Like these and many other contemporary narratives, Lost in Translation hums with a now-familiar vein of postmodern melancholy. Bob and Charlotte are stuck in a discomfitingly familiar paradox: their lives are marked by a lack of urgency or forward momentum, even as they’re glumly aware of time passing. Bob is missing his young son’s birthday to shill whiskey, while Charlotte is simply there, tagging along. But when John goes away on assignment for a couple of days, the unlikely pair finally get a chance to shake off their inertia. After meeting up with a couple of her friends, they have the sort of exuberant, serendipitous late night, the kind that can never be replicated, only cherished in the moment. They get chased out of a trendy bar by a stranger with a stun gun; they run through an arcade, in one of many sequences that highlight the city’s gorgeous neon palette; they wind up at a house party, then a high-rise karaoke den, where they serenade each other off-key. Along the way, Charlotte acquires a pale pink wig.

In other words, it’s the sort of night that increasingly seems to exist outside time, and certainly outside modern technology; nowadays, people would be snapping pics, adding each other on socials, Shazaming the music. Instead, Coppola presents an organic ebb and flow of strangers, laughing and drinking and singing to each other with no expectations for anything deeper or longer-lasting than this one shared and delirious night. And in each other, Bob and Charlotte find something more valuable than sex: companionship. Marooned and alone in this densely packed city, they forge a connection that’s intimate but never illicit. In fact, its chasteness casts it even more special, because that’s what makes it so unexpected and irreplicable. Their relationship is platonic and, above all, co-conspiratorial; by the time they part ways in the film’s enigmatic final scene, their brief time together has changed them both. It’s not a sentimental goodbye — they don’t exchange contact info or pledge to be better people. Audiences don’t even know what Bob whispers when they embrace for the last time because the dialogue is purposely inaudible. Once again, any understanding of their relationship is tantalizingly out of reach to everyone but themselves. Despite all the technology now at our disposal, there are still some secrets that are better left unshared.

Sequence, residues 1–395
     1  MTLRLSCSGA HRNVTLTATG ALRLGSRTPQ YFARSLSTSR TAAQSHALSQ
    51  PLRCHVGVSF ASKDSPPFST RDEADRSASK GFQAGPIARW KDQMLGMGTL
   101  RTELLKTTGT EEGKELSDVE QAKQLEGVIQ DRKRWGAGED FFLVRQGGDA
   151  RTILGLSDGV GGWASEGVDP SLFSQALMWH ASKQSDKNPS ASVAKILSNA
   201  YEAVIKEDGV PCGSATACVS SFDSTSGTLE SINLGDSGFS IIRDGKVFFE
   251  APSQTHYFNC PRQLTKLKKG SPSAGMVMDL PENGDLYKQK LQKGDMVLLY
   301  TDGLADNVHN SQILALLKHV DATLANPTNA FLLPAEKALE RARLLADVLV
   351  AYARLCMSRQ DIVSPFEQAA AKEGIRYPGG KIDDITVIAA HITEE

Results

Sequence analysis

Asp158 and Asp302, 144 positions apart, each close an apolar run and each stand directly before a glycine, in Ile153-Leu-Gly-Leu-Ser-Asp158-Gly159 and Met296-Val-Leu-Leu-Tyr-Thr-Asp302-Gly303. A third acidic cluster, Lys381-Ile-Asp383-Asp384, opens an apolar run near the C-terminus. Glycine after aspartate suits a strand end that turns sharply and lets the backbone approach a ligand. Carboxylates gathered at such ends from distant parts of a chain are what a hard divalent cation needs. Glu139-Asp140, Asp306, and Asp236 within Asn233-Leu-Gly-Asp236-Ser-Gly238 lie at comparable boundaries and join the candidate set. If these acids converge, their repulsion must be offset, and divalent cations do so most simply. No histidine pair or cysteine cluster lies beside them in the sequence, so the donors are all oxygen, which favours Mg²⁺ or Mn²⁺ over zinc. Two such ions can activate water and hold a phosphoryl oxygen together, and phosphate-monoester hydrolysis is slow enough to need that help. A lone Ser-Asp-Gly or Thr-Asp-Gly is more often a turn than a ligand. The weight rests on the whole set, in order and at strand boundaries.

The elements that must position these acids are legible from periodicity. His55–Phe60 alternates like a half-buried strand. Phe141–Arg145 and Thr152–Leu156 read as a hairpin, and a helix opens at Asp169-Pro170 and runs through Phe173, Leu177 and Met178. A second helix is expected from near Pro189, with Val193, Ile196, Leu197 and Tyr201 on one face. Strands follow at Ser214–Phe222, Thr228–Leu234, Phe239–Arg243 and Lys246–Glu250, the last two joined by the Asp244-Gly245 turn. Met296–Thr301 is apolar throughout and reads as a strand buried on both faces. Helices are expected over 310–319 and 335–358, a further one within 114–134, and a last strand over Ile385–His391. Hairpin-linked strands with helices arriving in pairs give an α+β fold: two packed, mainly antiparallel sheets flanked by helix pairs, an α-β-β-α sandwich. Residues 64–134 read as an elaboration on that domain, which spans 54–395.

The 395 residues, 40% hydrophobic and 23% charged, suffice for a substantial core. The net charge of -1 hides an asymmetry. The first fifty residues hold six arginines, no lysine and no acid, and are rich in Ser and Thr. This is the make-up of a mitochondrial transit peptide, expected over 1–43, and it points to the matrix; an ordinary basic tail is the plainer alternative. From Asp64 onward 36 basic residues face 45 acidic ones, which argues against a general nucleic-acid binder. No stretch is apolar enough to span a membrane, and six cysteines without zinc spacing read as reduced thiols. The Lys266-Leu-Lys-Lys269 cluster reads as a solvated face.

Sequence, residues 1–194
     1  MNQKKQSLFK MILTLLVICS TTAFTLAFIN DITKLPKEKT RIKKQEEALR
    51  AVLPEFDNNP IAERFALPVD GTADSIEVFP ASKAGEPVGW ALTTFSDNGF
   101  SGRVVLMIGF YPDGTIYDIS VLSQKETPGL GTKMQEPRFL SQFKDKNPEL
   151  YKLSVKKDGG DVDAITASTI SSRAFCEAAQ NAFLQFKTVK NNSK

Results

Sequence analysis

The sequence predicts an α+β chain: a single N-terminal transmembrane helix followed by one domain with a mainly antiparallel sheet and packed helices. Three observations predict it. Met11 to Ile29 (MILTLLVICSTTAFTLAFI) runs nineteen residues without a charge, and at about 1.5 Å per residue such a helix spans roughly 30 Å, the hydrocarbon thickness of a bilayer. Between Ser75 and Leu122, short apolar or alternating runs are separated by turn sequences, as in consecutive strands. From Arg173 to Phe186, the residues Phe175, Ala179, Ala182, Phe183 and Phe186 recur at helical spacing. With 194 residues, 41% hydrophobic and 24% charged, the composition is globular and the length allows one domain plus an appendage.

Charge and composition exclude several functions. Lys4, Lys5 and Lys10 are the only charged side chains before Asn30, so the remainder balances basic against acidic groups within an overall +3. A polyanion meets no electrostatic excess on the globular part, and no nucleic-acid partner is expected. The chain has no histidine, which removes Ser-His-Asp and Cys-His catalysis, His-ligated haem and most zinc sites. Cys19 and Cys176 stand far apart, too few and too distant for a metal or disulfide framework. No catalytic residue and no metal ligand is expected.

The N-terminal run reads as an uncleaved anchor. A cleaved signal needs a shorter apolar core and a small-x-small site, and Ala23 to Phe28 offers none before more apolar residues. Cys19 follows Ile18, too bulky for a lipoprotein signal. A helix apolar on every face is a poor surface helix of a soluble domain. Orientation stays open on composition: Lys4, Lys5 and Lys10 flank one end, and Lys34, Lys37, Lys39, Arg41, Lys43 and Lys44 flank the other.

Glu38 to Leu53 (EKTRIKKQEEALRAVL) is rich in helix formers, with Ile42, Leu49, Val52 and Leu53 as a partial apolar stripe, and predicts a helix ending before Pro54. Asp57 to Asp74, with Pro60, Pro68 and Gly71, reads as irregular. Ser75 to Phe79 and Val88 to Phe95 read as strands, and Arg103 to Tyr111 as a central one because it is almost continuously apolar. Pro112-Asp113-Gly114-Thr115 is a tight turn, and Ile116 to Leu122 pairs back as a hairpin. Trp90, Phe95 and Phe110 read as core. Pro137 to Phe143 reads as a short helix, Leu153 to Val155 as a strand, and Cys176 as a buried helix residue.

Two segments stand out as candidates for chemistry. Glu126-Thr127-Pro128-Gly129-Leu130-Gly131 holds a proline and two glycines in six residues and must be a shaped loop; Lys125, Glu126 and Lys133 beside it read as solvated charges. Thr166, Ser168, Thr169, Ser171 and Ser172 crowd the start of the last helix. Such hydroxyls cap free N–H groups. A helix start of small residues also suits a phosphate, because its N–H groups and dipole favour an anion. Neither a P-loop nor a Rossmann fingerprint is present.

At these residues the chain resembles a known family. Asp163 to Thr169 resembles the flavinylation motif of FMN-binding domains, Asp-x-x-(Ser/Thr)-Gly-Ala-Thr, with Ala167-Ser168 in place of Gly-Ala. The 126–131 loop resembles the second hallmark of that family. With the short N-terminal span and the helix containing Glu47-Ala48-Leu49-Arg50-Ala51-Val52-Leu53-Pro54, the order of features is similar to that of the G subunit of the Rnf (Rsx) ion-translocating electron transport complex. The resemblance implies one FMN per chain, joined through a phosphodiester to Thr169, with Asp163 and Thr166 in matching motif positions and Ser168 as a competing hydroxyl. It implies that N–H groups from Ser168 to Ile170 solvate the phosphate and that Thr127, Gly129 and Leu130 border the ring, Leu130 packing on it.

Part of Kicking the Canon — The Film Canon.